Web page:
Rhody Reunion

87th annual Grand Parade to bring celebration, commemoration back to town | Rhody Fest

Posted 5/19/22

For locals, it’s relatively easy to notice when the Rhododendron Grand Parade is around the corner.

Whether it’s the rows of chairs reserved on Lawrence Street by residents looking to …

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Rhody Reunion

87th annual Grand Parade to bring celebration, commemoration back to town | Rhody Fest

Posted

For locals, it’s relatively easy to notice when the Rhododendron Grand Parade is around the corner.

Whether it’s the rows of chairs reserved on Lawrence Street by residents looking to get the best parade vantage point or the blossoming, pink rhododendron flowers — the official flower of Washington state — lining scenic parts of Port Townsend, the parade exemplifies the community spirit of the people of Port Townsend.

This year’s parade, set to start at 1 p.m. Saturday, May 21 in Uptown’s Lawrence Street and conclude on Water Street downtown, will celebrate a blossoming Port Townsend and the rebirth of spring in more ways than one. The coronavirus pandemic minimized the scale of the parade and festival in 2021 after it was cancelled in 2020. But this year, Rhody Week is back in full scale.

“It’s 87 years old this year and it’s pretty cool that [the Rhody Festival and Grand Parade] has been able to keep going,” said Melanie Bozak, a key organizer of the festival’s parade. “It’s like this big, giant community reunion; a family reunion if you will.”

A cluster of parade floats will crowd the streets of Uptown for Saturday’s main event. Classic floats such as the Port Townsend Kiwanis’ train and entries holding the Rhody Royalty of princesses, kings, and queens will promenade through the streets. Along with the classics, an assembly of healthcare workers including nurses, EMS workers, and other related staff will walk with the procession as organizers wanted to pay homage to their sacrifices and commitment to helping those affected by the coronavirus pandemic.   

“We invited every single kind of medical staff to come out,” Bozak said.

Although Rhody Week provides a plethora of events, the Grand Parade is perhaps the crowning event as locals, visitors, and everyone else converges for a proper send-off.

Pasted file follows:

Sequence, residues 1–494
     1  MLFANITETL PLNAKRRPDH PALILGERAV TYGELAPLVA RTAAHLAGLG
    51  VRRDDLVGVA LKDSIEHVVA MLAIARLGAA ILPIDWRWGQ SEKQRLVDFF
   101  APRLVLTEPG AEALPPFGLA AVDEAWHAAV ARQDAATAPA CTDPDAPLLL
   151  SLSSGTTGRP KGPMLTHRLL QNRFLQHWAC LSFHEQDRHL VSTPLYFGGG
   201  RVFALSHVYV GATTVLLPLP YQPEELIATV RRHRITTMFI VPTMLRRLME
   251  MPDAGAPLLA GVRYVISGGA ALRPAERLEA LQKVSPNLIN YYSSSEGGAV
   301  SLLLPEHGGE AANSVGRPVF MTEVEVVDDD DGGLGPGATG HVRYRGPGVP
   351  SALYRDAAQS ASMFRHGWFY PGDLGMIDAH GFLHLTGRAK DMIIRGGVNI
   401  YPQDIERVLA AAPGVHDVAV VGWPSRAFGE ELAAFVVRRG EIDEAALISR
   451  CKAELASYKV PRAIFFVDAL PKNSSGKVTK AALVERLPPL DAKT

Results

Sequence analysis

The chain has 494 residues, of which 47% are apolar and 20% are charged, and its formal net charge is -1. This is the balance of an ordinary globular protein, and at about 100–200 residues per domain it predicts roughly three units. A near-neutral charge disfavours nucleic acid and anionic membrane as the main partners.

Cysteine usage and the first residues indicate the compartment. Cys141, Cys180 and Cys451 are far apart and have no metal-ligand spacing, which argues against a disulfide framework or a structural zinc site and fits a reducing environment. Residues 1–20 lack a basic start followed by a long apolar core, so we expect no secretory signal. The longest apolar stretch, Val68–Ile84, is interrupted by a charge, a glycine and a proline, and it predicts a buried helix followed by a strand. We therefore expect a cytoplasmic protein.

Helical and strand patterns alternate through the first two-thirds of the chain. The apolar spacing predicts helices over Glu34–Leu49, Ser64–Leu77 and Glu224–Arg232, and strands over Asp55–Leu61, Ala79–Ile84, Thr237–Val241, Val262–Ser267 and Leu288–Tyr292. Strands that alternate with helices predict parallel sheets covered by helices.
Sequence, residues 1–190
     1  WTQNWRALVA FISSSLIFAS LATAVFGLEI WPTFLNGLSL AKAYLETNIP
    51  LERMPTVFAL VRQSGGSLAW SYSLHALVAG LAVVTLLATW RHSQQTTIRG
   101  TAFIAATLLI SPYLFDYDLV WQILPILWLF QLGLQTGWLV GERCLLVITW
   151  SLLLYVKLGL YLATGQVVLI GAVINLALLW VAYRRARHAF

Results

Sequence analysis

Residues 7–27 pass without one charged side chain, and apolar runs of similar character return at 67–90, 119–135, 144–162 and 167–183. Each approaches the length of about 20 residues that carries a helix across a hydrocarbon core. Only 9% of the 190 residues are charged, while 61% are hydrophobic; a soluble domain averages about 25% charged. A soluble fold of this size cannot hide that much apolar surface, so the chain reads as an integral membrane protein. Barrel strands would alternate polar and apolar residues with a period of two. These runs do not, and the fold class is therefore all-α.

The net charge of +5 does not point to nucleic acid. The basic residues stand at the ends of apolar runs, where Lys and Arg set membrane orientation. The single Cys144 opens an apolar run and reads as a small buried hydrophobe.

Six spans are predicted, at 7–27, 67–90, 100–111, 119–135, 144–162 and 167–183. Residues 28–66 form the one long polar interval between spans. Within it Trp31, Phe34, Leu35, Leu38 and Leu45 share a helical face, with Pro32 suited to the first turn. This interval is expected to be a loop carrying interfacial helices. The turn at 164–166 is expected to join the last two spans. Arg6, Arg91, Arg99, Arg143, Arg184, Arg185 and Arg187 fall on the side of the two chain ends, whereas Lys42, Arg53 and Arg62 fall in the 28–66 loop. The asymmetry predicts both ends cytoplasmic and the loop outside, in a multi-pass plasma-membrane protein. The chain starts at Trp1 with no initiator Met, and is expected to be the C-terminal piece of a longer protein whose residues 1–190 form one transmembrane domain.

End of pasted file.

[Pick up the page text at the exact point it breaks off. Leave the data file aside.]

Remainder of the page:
“I love the grand parade. It’s a culmination of everything we do that week,” Bozak said.

“It’s just fun watching the kids on the sides of the street, and there’s just something about a festival for me that brings out the best in people. You get to see your neighbors and everyone smiling and having a good time.”

The Rhody Festival as a whole comprises a deep history as a cardinal hub of community, starting in 1935 after local businessman Clive Buttermere convinced a film crew to come out to Jefferson County and film the gorgeous, wild rhododendron flowers that lined the Peninsula in full bloom. Almost a century later, the Rhody Festival has carried on each year to represent and celebrate a time of nature in its full florescence.

The festival is even considered as the annual event that the local community favors most, according to a survey conducted by the Port Townsend Main Street Program.

Although COVID put the parade to a grinding halt in 2020, with a smaller parade in 2021, Bozak and other Rhody organizers are excited to pave the way for the continuation of the festival for years to come.

“It’s a cornerstone; it’s something people look forward to year after year and people come back to,” Bozak said. “A sense of community is the best way to describe it.”

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